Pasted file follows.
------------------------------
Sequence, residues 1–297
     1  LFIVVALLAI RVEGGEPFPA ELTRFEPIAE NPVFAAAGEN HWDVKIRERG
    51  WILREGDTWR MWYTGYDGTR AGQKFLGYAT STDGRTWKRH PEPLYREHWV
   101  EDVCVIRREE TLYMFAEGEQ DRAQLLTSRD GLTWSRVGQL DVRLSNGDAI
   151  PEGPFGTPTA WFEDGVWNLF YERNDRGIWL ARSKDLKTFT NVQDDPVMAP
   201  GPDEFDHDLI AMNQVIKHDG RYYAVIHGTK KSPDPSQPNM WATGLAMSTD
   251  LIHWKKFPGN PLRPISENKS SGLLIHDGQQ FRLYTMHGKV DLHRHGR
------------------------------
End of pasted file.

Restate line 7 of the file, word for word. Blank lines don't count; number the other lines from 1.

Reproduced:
   251  LIHWKKFPGN PLRPISENKS SGLLIHDGQQ FRLYTMHGKV DLHRHGR